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Mortgage deferral total surpasses $150bn

Just under 430,000 home loan customers have opted to freeze repayments since the onset of the COVID-19 crisis, the latest figures have revealed.

According to the latest data from the Australian Banking Association (ABA), approximately $153.5 billion in home loans have been deferred for up to six months over the past few months in response to the economic fallout from the COVID-19 outbreak.

This equates to approximately 429,000 (one in 14) home loan customers.

When including business loans, personal loans and credit card facilities, the number of loans deferred totals approximately 703,000 or $211 billion in value terms. 

Banks are here to support customers throughout the crisis and help the economy on the other side as we recover from the devastating effects of this pandemic,” ABA CEO Anna Bligh said.

“Since this crisis started, banks have deferred the mortgage repayments of 429,000 Australian families, or a staggering one in 14 of all home loans.

Australian families who are financially affected by this crisis have had the breathing space they need with a six-month deferral on their home loan repayment while they chart a path through to the other side of this downturn.”

Banks are bracing for a spike in defaults upon the expiry of the six-month deferral period.

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The big four banks have set aside over $7.2 billion in credit provisions in anticipation of a sharp deterioration in credit quality.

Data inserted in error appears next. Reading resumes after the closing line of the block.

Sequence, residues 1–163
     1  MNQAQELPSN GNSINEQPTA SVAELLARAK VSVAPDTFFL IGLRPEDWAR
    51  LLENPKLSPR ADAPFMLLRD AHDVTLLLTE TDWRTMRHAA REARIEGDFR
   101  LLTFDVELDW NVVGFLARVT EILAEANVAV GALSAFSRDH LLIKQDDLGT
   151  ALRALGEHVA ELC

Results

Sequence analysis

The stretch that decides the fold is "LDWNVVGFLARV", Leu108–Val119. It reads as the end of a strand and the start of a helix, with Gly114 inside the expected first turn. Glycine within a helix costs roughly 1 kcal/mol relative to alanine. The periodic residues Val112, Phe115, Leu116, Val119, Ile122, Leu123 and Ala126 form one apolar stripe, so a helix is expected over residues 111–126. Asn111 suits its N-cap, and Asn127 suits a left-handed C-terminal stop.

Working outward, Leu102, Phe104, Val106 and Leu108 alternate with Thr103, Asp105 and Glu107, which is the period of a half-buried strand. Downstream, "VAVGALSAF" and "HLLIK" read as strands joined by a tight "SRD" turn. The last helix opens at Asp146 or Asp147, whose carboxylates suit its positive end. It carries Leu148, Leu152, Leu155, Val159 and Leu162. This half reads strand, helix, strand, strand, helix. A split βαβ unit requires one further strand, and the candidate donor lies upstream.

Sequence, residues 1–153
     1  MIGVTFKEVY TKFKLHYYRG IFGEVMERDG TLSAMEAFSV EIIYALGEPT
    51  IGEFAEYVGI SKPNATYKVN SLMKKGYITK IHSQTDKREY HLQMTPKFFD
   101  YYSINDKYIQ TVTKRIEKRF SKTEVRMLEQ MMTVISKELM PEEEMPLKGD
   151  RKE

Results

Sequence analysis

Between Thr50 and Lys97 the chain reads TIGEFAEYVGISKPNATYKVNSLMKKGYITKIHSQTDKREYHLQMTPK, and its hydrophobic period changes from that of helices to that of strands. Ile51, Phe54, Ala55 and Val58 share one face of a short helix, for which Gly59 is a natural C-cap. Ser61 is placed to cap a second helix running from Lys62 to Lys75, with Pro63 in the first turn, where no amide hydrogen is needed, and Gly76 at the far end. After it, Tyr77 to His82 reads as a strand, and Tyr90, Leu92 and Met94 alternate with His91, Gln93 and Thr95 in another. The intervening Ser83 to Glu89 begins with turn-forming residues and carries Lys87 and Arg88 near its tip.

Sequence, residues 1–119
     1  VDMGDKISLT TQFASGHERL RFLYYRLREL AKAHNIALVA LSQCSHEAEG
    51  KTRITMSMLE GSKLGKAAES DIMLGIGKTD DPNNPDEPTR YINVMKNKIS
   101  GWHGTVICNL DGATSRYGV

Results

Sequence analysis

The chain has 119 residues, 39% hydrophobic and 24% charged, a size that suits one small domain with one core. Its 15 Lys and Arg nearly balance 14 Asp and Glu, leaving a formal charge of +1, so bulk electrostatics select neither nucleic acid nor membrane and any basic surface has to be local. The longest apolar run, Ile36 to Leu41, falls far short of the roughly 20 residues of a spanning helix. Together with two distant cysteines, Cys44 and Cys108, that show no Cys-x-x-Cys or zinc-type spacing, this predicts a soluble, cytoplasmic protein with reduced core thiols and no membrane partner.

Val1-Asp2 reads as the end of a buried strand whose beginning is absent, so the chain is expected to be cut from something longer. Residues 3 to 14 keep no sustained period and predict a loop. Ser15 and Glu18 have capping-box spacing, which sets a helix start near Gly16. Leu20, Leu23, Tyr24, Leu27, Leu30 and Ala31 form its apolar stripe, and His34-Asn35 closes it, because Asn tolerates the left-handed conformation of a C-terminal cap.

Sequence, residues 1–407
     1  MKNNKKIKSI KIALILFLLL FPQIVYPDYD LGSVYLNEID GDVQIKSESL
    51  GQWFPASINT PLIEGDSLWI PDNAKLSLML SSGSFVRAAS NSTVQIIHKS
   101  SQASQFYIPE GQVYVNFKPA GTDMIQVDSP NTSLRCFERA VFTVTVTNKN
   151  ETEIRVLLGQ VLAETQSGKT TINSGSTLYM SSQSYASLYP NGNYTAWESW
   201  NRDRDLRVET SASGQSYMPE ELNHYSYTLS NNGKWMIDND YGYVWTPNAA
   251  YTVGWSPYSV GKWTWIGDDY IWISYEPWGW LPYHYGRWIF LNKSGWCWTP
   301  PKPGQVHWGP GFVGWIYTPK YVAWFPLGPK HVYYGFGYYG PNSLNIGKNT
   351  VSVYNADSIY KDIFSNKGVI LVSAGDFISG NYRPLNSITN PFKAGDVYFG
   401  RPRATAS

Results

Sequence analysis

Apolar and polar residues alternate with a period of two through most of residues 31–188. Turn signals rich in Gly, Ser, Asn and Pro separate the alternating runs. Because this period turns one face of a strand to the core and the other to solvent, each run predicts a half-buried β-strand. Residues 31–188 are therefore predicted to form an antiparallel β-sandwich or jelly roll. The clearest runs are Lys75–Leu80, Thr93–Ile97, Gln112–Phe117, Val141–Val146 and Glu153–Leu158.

Last month, S&P Global Ratings reported that it is forecasting an 85 bps increase in credit losses across the Australian banking sector’s loan portfolio in the 2020 financial year (FY20).

The 85 bps increase, which is expected to moderate to 50 bps in 2021, amounts to approximately $29 billion in gross loans, nearly six times higher than the record low in FY19.

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>According to the latest data from the Australian Banking Association (ABA), approximately $153.5 billion in home loans have been deferred for up to six months over the past few months in response to the economic fallout from the COVID-19 outbreak.

This equates to approximately 429,000 (one in 14) home loan customers.

When including business loans, personal loans and credit card facilities, the number of loans deferred totals approximately 703,000 or $211 billion in value terms. 

Banks are here to support customers throughout the crisis and help the economy on the other side as we recover from the devastating effects of this pandemic,” ABA CEO Anna Bligh said.

“Since this crisis started, banks have deferred the mortgage repayments of 429,000 Australian families, or a staggering one in 14 of all home loans.

Australian families who are financially affected by this crisis have had the breathing space they need with a six-month deferral on their home loan repayment while they chart a path through to the other side of this downturn.”

Banks are bracing for a spike in defaults upon the expiry of the six-month deferral period.

The big four banks have set aside over $7.2 billion in credit provisions in anticipation of a sharp deterioration in credit quality.

Last month, S&P Global Ratings reported that it is forecasting an 85 bps increase in credit losses across the Australian banking sector’s loan portfolio in the 2020 financial year (FY20).

The 85 bps increase, which is expected to moderate to 50 bps in 2021, amounts to approximately $29 billion in gross loans, nearly six times higher than the record low in FY19.

[Related: Young mortgagors hit hardest by COVID-19]

Mortgage deferral total surpasses $150bn
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